Also, far more importantly, when playing doubles you must do away with the notion of 'my game'. Your game must be whatever gives your team the best chance of winning, absolutely no exceptions.

Oh, and I'd be asking Meg exactly why she felt this woman was "good, definitely not on the low end of 3.0, closer to the middle." That's a very clear and relatively specific statement so she must have had reasons for making it.


No, we're not striving to win the division, but we still would prefer not to suck. Not Sucking is a reasonable goal also.

On a side note, this quote really reminded me of Charlie Brown's attitude to his baseball team. Definitely belongs on a t-shirt LOL

Swissv2
02-05-2007, 08:58 PM
You could try the following: Match the weak player with a person that is mid-range strong.

Matching two weak players is a recipe to failure. Matching a weak player with a very strong player is also a recipe to failure. Matching a weak player to a player that is in the middle of the road may produce higher than average results.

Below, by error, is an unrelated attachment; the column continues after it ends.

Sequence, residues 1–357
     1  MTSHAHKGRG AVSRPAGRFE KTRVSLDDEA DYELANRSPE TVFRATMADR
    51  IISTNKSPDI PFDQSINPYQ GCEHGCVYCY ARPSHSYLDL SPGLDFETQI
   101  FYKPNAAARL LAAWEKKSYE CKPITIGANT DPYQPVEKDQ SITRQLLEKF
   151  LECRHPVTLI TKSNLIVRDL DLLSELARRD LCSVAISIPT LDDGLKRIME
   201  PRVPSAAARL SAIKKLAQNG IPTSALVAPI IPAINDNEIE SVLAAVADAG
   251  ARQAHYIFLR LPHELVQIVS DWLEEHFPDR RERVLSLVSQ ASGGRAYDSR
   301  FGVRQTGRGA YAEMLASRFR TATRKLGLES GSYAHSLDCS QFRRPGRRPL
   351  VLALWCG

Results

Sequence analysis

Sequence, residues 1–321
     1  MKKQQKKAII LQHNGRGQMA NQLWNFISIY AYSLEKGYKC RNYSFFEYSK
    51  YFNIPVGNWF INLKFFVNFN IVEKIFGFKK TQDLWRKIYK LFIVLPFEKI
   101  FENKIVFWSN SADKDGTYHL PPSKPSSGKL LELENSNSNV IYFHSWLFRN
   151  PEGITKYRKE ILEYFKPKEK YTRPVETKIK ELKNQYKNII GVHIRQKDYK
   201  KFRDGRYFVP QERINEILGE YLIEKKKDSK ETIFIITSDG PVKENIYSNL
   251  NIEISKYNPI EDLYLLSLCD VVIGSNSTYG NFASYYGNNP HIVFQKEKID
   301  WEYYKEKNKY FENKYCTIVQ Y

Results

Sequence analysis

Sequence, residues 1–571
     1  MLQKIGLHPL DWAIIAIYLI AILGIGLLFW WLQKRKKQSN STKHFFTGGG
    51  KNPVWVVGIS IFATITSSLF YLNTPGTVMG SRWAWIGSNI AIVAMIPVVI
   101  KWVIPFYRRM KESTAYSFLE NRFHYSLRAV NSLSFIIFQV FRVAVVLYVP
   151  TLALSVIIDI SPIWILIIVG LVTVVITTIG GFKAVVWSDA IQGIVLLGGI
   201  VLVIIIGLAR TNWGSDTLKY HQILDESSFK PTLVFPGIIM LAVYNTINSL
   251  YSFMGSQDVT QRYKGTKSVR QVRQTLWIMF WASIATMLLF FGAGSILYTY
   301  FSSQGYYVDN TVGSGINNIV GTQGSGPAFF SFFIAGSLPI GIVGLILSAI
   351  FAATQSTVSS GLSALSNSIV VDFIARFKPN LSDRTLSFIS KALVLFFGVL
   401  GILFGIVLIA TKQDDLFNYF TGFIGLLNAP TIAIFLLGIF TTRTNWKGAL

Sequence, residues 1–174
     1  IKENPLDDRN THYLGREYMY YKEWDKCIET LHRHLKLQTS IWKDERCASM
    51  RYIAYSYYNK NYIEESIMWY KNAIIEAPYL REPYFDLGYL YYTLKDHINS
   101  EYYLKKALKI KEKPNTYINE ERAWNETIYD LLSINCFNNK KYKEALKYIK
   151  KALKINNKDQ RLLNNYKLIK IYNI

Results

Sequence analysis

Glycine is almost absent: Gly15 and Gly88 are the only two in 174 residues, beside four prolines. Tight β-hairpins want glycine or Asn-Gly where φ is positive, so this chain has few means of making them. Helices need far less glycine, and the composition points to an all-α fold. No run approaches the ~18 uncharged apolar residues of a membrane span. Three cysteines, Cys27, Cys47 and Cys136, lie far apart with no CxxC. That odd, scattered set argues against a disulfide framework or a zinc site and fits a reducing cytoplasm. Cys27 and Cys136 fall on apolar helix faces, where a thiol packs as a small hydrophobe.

Any weak player forced to carry a bit of weight into the game will get better. If the partner is too weak, both will be overwhelmed. If the partner is too strong, the weak player will result to letting the strong player do most of the work.

cak
02-06-2007, 06:47 AM
You could try the following: Match the weak player with a person that is mid-range strong.

Any weak player forced to carry a bit of weight into the game will get better. If the partner is too weak, both will be overwhelmed. If the partner is too strong, the weak player will result to letting the strong player do most of the work.